Family Violence And Its Effect On Women And Children

The topic of family violence is a hugely important conversation, but it’s certainly not a comfortable one. In Australia, 1 in 3 women will experience family violence in their lifetime with the number increasing to 1 in 2 women and children with a disability.
It can be hard to know what to say or do when faced with a situation where family violence may be happening, particularly when navigating the NDIS. Let’s take a look at what family violence entails and what you can do if you suspect it might be happening to you or someone else.  

 

What is Family Violence?

 

In recent years, there was a shift in language away from the term ‘domestic violence’ towards the preferred broader term of ‘family violence’. Domestic violence suggested that it was violence at the hands of an intimate partner, but family violence encompasses any person who is like a family member to the individual. This could be a partner, child, blood relative or someone who plays a significant role in an individual’s life.

 

“Why does she stay?”

 

This is a question often asked when it comes to family violence. The answer is often more complicated than just walking out the front door. There are a lot of factors that will determine when and how a woman experiencing family violence can exit their situation – and these factors become significantly more complex when a woman has a disability or has a child with a disability.

 

 For example, if a woman has a physical disability, it may be too difficult to leave due to her mobility aids or other medical equipment. Layer onto this the reality that a refuge or emergency housing is not equipped to accommodate people with disabilities – often women stay because there’s simply nowhere to go.

 

What to do if you suspect family violence is happening?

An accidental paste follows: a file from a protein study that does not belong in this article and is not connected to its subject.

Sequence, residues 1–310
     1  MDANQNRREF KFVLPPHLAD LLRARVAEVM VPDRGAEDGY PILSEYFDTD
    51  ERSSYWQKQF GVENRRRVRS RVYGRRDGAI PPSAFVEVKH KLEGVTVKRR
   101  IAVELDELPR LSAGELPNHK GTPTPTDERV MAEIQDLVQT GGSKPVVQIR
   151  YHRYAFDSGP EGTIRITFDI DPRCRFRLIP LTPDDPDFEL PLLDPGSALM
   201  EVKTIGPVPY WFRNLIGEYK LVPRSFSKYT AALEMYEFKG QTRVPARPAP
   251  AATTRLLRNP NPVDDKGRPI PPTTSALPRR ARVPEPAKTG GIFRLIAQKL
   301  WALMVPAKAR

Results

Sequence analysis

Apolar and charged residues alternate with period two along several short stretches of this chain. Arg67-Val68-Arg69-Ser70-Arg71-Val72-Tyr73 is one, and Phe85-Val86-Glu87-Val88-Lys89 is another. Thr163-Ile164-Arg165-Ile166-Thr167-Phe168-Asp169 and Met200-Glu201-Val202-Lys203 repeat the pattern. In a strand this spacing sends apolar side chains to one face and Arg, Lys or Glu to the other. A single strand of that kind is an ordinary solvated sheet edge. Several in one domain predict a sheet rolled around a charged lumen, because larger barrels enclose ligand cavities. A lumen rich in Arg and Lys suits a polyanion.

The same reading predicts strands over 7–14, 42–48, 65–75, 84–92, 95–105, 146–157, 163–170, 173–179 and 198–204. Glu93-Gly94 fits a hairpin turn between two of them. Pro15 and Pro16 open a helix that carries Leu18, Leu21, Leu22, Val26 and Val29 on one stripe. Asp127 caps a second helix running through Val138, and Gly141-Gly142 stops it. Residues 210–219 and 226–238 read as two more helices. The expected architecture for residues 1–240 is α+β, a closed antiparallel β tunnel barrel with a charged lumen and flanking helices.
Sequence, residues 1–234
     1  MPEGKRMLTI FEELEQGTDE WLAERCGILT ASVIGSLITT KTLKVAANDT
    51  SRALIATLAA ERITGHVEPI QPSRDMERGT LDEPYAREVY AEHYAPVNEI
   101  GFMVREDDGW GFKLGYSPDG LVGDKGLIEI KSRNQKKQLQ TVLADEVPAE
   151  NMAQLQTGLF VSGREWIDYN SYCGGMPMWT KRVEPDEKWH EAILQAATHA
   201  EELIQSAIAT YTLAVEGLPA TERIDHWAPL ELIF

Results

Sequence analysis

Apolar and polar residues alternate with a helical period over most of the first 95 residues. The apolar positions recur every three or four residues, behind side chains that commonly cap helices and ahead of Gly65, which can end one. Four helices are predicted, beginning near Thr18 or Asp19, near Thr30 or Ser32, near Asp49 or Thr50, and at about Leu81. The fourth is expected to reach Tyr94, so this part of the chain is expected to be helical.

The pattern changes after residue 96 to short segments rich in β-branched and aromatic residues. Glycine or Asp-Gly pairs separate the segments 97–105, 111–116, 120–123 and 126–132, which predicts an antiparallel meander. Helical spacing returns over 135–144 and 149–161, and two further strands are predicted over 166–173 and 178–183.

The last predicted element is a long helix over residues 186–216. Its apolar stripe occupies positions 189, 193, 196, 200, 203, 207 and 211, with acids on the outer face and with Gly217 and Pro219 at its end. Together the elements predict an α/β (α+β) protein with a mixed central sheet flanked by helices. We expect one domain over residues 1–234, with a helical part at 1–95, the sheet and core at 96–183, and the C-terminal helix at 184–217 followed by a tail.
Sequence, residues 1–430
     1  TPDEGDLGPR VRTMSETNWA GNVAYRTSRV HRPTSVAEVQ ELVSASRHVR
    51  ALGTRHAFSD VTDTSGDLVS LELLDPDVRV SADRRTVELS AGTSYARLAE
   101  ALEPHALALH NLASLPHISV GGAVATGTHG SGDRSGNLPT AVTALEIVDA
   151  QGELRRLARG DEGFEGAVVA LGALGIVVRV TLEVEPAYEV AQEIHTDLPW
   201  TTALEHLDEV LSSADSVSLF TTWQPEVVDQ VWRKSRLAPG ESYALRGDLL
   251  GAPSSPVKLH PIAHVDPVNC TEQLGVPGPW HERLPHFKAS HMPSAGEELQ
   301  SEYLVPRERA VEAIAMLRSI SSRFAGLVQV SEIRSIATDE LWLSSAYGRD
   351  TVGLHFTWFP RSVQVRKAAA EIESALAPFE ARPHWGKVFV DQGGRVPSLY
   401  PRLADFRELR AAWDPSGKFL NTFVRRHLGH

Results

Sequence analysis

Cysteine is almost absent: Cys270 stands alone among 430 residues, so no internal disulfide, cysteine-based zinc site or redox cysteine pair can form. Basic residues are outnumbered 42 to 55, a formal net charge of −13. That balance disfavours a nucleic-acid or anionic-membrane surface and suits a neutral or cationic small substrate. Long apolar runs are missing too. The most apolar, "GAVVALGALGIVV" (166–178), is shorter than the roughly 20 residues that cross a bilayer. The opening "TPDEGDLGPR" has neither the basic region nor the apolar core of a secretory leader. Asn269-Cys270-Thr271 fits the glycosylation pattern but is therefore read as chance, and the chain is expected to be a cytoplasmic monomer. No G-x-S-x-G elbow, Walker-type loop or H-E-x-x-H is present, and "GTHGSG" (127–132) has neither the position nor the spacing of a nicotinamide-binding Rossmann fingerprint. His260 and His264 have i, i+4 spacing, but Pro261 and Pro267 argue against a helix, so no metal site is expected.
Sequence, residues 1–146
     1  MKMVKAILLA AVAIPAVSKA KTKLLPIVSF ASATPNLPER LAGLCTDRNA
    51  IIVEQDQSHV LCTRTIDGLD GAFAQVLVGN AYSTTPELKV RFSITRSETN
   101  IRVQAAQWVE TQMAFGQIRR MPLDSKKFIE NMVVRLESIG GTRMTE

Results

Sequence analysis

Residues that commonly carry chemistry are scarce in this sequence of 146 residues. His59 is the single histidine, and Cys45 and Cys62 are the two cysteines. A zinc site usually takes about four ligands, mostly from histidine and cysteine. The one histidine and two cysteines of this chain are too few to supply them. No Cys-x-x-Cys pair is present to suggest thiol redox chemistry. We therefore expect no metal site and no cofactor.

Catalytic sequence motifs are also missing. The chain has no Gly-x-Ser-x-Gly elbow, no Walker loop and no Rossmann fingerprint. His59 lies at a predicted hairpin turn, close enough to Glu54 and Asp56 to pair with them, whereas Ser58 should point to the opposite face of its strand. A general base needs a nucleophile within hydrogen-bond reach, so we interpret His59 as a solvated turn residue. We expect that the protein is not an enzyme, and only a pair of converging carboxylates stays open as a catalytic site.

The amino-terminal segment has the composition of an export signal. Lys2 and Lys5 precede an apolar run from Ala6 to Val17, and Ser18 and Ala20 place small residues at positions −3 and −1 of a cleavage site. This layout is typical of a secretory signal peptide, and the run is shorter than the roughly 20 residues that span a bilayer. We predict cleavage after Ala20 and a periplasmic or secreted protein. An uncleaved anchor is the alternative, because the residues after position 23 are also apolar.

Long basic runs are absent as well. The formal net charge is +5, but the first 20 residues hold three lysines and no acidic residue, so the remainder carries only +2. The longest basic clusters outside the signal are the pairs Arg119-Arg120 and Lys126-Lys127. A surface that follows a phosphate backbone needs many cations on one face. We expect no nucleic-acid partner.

1. Ask direct questions

Asking someone “are you okay?” is a good start, but it may not be direct enough. You might like to be more specific and say: “I feel like things aren’t okay, are you currently in harm? Is there anything causing you harm or distress?” If you get “no”, don’t push, but offer solutions. Provide the number to a support service or offer to call on their behalf. Let her know that you’re there and ready to support her when she’s ready. 

 

2. Understand that they might not be ready to make a move yet

When a person experiencing family violence feels safe and empowered to make the choice, they’ll move. But if it’s not the right time, continue to be present. When it’s the right time, have all the information ready and be prepared to act quickly.

 

3. For support staff, seek the assistance of your manager

If you work in disability services and something feels off about a situation, first observe and ask direct questions – and if you can’t do it, speak to someone who can. Seek the advice or support of your manager but know that it’s important to work through your own fears and educate yourself. Have the courage to listen to your gut and lean on the support of your manager or family violence services if you or your customers need assistance.

 

Where to go for help

 

At OnSide, we offer Support Coordination to people navigating their NDIS plan. It’s our role to connect the right support services to the right people, which includes assistance for family violence. 

 

If you or anyone you know is experiencing family violence or its effect, there are services you can contact in your state, such as:

 

  • Queensland: For DV Connect Womensline call 1800 811 811 (24-hour support) 
  • Victoria: For Safe Steps call 1800 015 188 (24-hour support) 
  • Australia Wide: For 1800 Respect call 1800 737 732 (24-hour support)